Both a graphic novel and an excavation of the elements in a graphic novel, this work by Prentis Rollins proves to both an entertaining and valuable tool for those of us interested in the world of comic books, sequential art, and graphic novels. As recommended in the beginning of the book, one should read the ninety-six page graphic novel The Resonator first and follow it up with reading The Making of a Graphic Novel, so that when the text references the story, readers will understand and recognize the points being made.
The science-fiction story The Resonator follows Aaron Bronsen, a miner in the far future when humans no longer sleep of their own accord. In the thirty-second century, drugs exist to put humans into a sleeping state, but the best way to induce sleep is through a Resonatoróor, as we in the present know them, a cat. Since humankind has phased sleep out of their habits, cats have manifested some ability to help humans sleep. But the domineering Probe Corporation outlawed Resonators, quickly decimating the cat population. When Huggert, Bronsenís partner, convinces him to give a Resonator a try, Bronsen experiences a dream of clairvoyance that sends him hurtling through the galaxy on behalf of the last living Resonator and humankind.
Delivered in the famous in medias res style of epics, The Resonator relays an exciting, bold tale set in a bleak but scientifically advanced universe. Bronsenís temporal exploits are counterbalanced with dream sequences where he encounters the Resonator in a kind of Socratic journey of discovery. Of course, the art keenly mimics this contrast with dark and wasting backgrounds during Bronsenís waking periods and simpler, more gentle scenery during his dreams. During some of the more pitched action sequences, Rollins uses both shock and delicacy to delineate the tension of the story.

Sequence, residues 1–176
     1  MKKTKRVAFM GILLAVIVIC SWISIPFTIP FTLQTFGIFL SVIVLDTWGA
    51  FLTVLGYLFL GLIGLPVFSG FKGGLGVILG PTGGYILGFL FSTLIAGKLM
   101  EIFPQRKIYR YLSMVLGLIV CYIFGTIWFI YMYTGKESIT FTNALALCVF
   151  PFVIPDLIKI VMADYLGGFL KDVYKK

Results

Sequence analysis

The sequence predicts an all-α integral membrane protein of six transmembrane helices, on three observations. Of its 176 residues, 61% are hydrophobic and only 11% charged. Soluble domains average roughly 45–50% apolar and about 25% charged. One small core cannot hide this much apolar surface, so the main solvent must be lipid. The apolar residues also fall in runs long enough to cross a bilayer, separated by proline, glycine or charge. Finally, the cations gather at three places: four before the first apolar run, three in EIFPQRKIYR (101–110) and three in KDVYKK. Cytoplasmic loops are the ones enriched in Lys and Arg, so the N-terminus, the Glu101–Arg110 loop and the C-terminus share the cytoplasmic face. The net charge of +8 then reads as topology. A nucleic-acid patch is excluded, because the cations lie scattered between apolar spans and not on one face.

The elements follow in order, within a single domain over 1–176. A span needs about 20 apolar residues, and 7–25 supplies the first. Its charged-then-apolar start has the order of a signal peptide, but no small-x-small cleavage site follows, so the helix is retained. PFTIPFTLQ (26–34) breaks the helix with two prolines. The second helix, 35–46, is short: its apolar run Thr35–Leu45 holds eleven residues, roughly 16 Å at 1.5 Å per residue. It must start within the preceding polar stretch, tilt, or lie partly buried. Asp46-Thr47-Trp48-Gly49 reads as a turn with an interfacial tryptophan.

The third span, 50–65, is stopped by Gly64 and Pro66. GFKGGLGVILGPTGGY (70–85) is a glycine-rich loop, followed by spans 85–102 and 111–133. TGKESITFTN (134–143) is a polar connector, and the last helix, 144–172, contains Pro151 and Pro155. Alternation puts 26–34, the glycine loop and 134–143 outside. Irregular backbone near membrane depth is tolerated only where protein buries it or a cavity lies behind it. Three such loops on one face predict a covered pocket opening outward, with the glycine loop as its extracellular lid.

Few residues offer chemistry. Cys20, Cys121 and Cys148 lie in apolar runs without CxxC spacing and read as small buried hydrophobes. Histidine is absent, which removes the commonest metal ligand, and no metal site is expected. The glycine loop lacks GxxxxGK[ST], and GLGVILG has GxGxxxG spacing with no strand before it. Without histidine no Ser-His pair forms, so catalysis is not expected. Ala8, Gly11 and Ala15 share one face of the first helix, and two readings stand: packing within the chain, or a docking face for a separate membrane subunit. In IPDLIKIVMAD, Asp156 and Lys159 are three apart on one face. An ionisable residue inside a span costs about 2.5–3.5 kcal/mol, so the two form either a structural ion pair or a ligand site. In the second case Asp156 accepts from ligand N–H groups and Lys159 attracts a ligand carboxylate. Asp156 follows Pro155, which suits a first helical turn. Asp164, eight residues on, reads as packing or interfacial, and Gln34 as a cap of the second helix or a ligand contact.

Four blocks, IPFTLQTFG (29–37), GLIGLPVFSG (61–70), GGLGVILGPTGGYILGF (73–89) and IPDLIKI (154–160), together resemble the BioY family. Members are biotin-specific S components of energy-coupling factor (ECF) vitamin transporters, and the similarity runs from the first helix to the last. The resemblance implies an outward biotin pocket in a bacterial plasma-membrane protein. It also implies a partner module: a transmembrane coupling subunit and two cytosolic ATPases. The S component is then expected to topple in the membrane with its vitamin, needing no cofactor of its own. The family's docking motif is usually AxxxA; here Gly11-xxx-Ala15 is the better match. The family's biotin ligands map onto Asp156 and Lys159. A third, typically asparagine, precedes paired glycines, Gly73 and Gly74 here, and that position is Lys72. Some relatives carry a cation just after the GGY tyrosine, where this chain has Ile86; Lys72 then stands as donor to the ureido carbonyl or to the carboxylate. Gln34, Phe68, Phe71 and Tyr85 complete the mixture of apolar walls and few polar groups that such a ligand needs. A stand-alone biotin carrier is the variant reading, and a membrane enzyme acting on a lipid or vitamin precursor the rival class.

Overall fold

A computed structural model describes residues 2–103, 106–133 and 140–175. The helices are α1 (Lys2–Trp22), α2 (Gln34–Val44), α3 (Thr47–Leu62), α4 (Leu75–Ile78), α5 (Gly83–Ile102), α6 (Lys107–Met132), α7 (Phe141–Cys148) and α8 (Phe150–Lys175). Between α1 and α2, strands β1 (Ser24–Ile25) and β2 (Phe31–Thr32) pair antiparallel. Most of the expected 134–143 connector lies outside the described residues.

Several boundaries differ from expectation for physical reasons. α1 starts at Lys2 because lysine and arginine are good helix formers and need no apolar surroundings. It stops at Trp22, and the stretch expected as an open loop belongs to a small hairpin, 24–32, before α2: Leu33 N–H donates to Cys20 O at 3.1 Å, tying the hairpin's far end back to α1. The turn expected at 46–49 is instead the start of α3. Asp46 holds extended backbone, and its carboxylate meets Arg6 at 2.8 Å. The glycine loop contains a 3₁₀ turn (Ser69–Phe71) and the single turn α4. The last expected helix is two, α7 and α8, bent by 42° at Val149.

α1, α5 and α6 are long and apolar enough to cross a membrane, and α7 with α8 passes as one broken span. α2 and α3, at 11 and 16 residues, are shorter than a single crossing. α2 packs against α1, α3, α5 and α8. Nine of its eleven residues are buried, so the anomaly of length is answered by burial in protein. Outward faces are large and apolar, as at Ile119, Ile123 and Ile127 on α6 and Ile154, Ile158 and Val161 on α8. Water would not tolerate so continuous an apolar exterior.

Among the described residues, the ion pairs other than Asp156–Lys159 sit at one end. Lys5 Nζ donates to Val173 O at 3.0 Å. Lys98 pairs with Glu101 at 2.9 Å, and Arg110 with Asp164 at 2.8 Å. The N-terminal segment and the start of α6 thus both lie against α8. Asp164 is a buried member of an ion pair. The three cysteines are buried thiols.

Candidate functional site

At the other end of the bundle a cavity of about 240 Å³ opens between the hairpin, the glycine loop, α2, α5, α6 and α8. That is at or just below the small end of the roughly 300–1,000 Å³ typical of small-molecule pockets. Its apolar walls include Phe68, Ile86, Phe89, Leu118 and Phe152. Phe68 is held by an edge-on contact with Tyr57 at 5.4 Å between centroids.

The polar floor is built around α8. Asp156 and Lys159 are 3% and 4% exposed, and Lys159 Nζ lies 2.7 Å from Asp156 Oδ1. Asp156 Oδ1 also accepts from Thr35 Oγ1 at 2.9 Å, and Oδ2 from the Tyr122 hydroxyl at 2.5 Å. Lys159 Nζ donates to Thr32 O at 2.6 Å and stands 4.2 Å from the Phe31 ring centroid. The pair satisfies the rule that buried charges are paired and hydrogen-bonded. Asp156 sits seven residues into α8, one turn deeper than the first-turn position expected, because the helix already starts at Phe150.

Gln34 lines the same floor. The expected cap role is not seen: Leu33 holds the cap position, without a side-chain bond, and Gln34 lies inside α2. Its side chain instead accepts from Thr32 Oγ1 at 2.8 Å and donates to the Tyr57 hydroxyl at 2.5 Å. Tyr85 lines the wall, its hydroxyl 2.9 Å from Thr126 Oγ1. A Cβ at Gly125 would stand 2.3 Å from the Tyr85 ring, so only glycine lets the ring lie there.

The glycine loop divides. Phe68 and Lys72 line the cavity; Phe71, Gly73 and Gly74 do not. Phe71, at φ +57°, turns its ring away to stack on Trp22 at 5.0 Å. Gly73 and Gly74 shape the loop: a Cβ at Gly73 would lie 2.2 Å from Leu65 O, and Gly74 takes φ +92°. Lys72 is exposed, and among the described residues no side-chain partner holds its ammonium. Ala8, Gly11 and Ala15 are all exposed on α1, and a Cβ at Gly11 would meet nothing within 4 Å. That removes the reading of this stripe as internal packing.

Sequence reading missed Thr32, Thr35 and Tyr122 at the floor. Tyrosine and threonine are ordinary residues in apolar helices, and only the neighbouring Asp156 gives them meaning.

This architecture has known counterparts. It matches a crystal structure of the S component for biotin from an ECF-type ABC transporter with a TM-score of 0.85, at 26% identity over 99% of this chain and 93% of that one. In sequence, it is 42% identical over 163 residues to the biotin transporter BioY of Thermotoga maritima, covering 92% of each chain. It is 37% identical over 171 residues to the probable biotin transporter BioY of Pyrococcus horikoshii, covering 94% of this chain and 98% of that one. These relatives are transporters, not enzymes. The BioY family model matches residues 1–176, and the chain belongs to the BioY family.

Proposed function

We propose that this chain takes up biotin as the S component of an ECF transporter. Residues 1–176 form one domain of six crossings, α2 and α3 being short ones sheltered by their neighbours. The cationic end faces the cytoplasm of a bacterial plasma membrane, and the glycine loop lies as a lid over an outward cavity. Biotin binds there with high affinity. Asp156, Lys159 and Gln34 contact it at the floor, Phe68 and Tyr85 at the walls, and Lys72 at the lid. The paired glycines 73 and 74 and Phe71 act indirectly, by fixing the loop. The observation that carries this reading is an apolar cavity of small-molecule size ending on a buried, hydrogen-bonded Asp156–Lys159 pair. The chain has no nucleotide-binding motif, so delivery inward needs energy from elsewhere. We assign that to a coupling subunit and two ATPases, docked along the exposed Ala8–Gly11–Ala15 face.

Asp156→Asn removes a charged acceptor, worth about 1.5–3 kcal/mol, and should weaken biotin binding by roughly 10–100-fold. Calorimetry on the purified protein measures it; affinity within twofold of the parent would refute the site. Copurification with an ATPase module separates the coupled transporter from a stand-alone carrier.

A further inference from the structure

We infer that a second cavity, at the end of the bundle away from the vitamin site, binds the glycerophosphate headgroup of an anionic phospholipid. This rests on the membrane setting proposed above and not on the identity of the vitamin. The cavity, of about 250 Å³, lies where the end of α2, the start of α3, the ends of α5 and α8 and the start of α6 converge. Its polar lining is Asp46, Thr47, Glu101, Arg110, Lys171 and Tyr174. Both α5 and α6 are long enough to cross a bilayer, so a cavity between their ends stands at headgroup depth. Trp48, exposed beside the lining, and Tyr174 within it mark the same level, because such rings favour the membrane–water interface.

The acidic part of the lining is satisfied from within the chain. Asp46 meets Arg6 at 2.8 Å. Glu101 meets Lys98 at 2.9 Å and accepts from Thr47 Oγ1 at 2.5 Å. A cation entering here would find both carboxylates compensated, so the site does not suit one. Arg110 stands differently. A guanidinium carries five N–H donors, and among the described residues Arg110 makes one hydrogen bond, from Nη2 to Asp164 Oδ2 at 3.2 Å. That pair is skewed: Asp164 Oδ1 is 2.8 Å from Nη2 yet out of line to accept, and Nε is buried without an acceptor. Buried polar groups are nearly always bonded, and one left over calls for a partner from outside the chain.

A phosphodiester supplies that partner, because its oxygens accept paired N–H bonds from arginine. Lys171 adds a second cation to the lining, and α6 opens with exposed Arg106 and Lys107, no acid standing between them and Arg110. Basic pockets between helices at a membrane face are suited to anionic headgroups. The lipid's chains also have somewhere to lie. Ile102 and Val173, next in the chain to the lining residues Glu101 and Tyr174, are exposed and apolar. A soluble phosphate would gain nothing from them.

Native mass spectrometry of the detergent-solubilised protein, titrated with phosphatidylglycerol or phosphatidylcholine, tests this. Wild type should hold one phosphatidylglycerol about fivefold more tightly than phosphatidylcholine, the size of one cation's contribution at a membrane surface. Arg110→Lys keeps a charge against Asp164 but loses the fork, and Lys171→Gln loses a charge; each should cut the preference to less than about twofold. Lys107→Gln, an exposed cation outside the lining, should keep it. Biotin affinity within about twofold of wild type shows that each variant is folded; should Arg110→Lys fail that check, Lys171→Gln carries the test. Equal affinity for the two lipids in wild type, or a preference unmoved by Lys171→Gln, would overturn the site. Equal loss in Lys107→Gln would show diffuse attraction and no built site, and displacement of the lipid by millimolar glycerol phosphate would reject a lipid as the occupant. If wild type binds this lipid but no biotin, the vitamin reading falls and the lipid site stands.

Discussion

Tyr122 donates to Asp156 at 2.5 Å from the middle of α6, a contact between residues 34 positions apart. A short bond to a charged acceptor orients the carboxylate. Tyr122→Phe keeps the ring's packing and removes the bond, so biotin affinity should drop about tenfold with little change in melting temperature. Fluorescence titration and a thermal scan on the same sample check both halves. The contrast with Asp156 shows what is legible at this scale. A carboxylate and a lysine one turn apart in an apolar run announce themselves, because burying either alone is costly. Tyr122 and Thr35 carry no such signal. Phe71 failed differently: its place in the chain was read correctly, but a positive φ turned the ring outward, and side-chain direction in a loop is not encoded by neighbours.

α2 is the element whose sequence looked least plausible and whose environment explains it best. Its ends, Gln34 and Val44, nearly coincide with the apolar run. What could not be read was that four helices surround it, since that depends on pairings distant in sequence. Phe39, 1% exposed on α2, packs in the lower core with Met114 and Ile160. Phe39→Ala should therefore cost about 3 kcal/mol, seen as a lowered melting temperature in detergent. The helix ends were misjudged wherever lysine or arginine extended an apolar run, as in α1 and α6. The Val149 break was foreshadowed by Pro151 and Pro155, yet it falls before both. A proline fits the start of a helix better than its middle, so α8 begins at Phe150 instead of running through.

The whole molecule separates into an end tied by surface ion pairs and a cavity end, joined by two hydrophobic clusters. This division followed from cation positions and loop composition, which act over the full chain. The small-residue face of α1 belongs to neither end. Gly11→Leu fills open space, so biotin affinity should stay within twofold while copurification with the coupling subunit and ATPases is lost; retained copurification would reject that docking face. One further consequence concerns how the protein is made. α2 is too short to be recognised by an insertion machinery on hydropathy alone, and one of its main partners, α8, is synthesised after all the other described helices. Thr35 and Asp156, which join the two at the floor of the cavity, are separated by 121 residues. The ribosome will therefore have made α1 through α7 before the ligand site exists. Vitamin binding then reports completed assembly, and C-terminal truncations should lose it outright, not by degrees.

The second half of this book provides a five-chapter deconstruction by Rollins about his own graphic novel, covering topics including writing, preproduction, penciling, inking, and lettering. Rollins also includes a convenient index to this seventy-page exploration.
In each chapter, he highlights the materials he uses for that particular portion of the process and clearly describes the steps he takes and the shortcuts afforded to him, depending on the technique. When using examples, he contrasts earlier drafts of his work with the finished to explain the details or even show how it could be done differently. He explains what sources influence his decisions. Itís all very compelling to see how the graphic novel (and presumably other graphic novels) comes together. Obviously, not every artist may take the same route as Rollins, but his insight and description is certainly appreciated.
Whether youíre looking for a good graphic novel or a good book on the techniques of creating a graphic novel, readers canít go wrong with Rollinsí book. With a great tale and an easy-to-follow, jargon-free discussion on creating art, he makes great strides in helping the reader understand the process and the mindset of the author.